The Adventures Of A Revolutionary Soldier/Preface
I have somewhere read of a Limner, who, when he had daubed a representation of some animal, was always compelled, for the information of the observer, to write under it what he intended it to represent: as, 'this is a goose,' 'this is a dog,' &c. So, many books, and mine in particular, amongst the rest, would perhaps be quite unintelligible as to the drift of them, unless the reader was informed beforehand what the author intended.
I shall, therefore, by way of preface, inform the reader that my intention is to give a succinct account of some of my adventures, dangers and sufferings during my several campaigns in the revolutionary army. My readers, (who, by the by, will, I hope, none of them be beyond the pale of my own neighbourhood,) must not expect any great transactions to be exhibited to their notice, "No alpine wonders thunder through my tale," but they are here, once for all, requested to bear it in mind, that they are not the achievements of an officer of high grade which they are perusing, but the common transactions of one of the lowest in station in an army, a private soldier.
Should the reader chance to ask himself this question, (and I think it very natural for him to do so,) how could any man of common sense ever spend his precious time in writing such a rhapsody of nonsense?—to satisfy his inquiring mind, I would inform him, that, as the adage says, "every crow thinks her own young the whitest," so every private soldier in an army thinks his particular services as essential to carry on the war he is engaged in, as the services of the most influential general; and why not? what could officers do without such men? Nothing at all. Alexander never could have conquered the world without private soldiers.
But, says the reader, this is low, the author gives us nothing but everyday occurrences; I could tell as good a story myself. Very true, Mr. Reader, every one can tell what he has done in his lifetime, but every one has not been a soldier, and consequently can know but little or nothing of the sufferings and fatigues incident to an army. All know everyday occurrences, but few know the hardships of the "tented field." I wish to have a better opinion of my readers, whoever they may be, than even to think that any of them would wish me to stretch the truth to furnish them with wonders that I never saw, or acts and deeds I never performed. I can give them no more than I have to give, and if they are dissatisfied after all, I must say I am sorry for them and myself too; for them, that they expect more than I can do, and myself, that I am so unlucky as not to have it in my power to please them.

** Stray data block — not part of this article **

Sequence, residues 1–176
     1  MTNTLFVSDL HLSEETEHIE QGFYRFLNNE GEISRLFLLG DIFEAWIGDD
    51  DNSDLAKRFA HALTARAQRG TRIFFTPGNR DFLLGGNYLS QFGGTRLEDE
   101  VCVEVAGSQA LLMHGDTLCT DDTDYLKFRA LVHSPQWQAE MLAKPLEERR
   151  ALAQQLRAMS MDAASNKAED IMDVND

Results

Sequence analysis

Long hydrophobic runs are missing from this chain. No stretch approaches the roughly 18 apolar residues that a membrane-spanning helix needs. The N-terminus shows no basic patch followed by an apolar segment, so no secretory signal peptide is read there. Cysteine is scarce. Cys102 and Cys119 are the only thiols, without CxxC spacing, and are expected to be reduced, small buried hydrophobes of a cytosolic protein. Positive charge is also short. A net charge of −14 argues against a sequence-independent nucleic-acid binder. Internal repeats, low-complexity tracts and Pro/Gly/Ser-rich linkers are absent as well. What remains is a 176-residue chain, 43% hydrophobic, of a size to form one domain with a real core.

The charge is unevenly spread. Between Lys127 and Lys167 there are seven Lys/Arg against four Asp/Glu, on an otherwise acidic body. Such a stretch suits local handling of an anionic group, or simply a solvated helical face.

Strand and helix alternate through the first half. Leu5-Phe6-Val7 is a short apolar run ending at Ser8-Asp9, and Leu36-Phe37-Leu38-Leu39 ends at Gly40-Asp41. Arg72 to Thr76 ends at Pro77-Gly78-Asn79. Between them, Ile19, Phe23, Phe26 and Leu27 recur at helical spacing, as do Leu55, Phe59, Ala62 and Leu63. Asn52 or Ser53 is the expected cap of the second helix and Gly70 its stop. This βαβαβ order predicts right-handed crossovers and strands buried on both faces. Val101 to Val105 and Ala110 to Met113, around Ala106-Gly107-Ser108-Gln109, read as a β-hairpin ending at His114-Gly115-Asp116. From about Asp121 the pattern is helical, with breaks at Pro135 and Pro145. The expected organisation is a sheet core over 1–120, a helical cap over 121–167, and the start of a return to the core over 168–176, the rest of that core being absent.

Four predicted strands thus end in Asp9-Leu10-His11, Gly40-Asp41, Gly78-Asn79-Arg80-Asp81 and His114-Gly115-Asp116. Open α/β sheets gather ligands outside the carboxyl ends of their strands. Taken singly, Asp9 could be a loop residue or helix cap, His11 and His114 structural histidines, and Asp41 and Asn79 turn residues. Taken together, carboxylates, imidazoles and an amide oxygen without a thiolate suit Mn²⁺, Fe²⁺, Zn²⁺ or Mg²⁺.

But after all I have said, the real cause of my ever undertaking to rake up circumstances and actions that have so long rested in my own mind, and to spread them upon paper, was this:—my friends, and especially my juvenile friends have often urged me so to do; to oblige such, I undertook it, hoping it might save me often the trouble of verbally relating them.
The critical grammarian may find enough to feed his spleen upon, if he peruses the following pages; but I can inform him beforehand, I do not regard his sneers; if I cannot write grammatically, I can think, talk and feel like other men. Besides, if the common readers can understand it, it is all I desire; and to give them an idea, though but a faint one, of what the army suffered that gained and secured our independence, is all I wish. I never studied grammar an hour in my life, when I ought to have been doing that, I was forced to be studying the rules and articles of war.
As to punctuation, my narrative is in the same predicament as it is in respect to the other parts of grammar. I never learned the rules of punctuation any farther than just to assist in fixing a comma to the British depredations in the State of New-York; a semicolon in New-Jersey; a colon in Pennsylvania, and a final period in Virginia;—a note of interrogation, why we were made to suffer so much in so good and just a cause; and a note of admiration to all the world, that an army voluntarily engaged to serve their country, when starved, and naked, and suffering every thing short of death, (and thousands even that,) should be able to persevere through an eight years war, and come off conquerors at last!
But lest I should make my preface longer than my story, I will here bring it to a close.